[Excerpts from this post are taken from Larry’s book, Beyond Peace In Christian Finances: Accelerating Past Average With Your Money Plan]
Sara Blakley and Spanx
Sara Blakely may not be a familiar name in the average American home. Some of the products she has created for women, though, would be recognized through her company called Spanx. As a young woman, Sara pursued several different business opportunities that were not working out for her. Before starting her own company, she was selling fax machines door to door. Sara recalls that this time in her career was a great learning experience for her. She learned how to handle rejection through hearing lots of “no’s.” She also learned how to get to a “yes” as well. The art of the sale was a valuable lesson she learned as she finally launched her own company. She also learned another valuable lesson—visualizing becoming successful.
Blakey says she could see her business succeeding from the beginning. She visualized herself being the successful owner of Spanx. Blakely says, “I believe you can take mental snapshots of your future and what success looks like to you. If you mentally see yourself in a scenario, you’ll start to make decisions in your life that get you there.”
Sara Blakely thinks differently than most people. As a result, Forbes Magazine has recognized her as the youngest self-made female billionaire in the world.
Wealthy People Think Differently
Wealthy people think differently at many different levels. I’m not talking about the NBA basketball player who has the $10 million crib with ten expensive cars parked out front, either. One could make the argument that many professional sports athletes handle their money like poor people who have won the lottery. But, I digress.
When I mention wealthy people, I’m talking about people who have learned to generate income through the purchase of assets and not liabilities. This is the classic Robert Kiyosaki definition that he outlines in his book Rich Dad, Poor Dad. The world has too many people running around today who appear wealthy. If one dug down into their finances, though, they would find they are actually quite poor. They have too many liabilities and not enough assets that generate income for their families.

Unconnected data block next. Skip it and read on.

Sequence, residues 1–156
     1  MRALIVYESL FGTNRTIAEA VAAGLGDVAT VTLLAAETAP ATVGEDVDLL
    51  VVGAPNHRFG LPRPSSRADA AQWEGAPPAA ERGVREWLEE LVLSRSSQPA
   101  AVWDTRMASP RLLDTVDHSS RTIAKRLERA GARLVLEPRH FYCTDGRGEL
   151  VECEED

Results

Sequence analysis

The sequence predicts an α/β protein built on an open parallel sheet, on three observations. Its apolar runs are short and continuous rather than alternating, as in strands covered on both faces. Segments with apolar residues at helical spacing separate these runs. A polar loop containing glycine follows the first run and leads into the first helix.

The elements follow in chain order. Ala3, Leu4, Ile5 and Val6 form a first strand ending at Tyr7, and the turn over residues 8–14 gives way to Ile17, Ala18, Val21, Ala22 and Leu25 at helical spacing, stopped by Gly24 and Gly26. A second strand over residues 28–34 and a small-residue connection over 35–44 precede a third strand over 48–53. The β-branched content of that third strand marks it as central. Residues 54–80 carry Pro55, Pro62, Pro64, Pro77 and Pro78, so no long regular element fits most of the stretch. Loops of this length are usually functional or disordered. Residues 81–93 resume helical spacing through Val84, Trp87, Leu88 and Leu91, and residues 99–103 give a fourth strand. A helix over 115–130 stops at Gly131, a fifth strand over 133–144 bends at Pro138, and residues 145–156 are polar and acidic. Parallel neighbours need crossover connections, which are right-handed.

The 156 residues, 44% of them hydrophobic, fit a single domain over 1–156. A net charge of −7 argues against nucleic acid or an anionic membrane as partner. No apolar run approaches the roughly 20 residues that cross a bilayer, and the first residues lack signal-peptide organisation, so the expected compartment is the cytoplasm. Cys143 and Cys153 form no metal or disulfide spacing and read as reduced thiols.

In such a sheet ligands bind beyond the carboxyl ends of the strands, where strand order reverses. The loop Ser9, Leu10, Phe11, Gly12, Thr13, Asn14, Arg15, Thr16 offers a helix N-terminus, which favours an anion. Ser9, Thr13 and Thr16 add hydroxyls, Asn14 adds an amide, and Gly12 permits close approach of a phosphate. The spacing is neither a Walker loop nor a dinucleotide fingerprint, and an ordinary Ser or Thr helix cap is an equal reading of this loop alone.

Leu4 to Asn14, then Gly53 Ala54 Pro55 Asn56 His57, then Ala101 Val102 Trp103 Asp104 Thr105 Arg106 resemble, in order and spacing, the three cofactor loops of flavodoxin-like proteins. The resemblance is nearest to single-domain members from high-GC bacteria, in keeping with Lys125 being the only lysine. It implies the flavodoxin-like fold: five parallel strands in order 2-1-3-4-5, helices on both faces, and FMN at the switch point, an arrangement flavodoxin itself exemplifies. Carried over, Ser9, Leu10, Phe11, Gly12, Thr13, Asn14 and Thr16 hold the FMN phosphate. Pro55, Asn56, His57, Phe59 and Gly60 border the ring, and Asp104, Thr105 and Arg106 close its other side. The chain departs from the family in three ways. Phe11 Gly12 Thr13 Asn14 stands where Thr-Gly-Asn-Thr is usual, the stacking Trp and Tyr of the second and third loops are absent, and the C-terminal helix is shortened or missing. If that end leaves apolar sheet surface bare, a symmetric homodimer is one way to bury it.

Wealthy People Ask Questions
Rich thinking doesn’t mean driving a hoopty and living in a double-wide trailer while being the rental house king in our respective city with thousands of dollars in savings and investments. But before signing up for a book of payments on a $40,000 SUV or buying a $750,000 mortgage for the most expensive house in a great neighborhood, many questions should be asked. Wealthy people ask themselves money questions, such as:
- Am I buying assets or liabilities?
- Is this the best use of my money right now?
- Is there a better place or better opportunity to leverage my money?
- Do I need this particular item right now?
- Is this a true need or a want?
- What is the wisest thing I could do with this money, today?
For the Christian who is attempting to live according to these principles, this adds another layer of spiritual thinking. Additional questions could include:
- Would God be pleased with this purchase? Why or why not?
- Will this purchase impact my level of giving in the future?
- Have I prayed about this purchase, or am I engaged in a worldly mindset?
- Is this the absolute best use of God’s money?
- If I make this purchase, would God be able to say to me, “Well done thou good and faithful servant”? Why or why not?
There are several key differences between the rich and poor concerning financial thinking. Wealthy people process money information, ask themselves a lot of questions, and seek the wise counsel of others they trust. Poor people follow the poor money habits of the majority of people around them. The poor make emotional purchases based on popular opinion and feelings instead of an overriding financial plan.
The information shared in this post can be found in Larry’s book in the Amazon Kindle store: Beyond Peace In Christian Finances: Accelerating Past Average With Your Money Plan.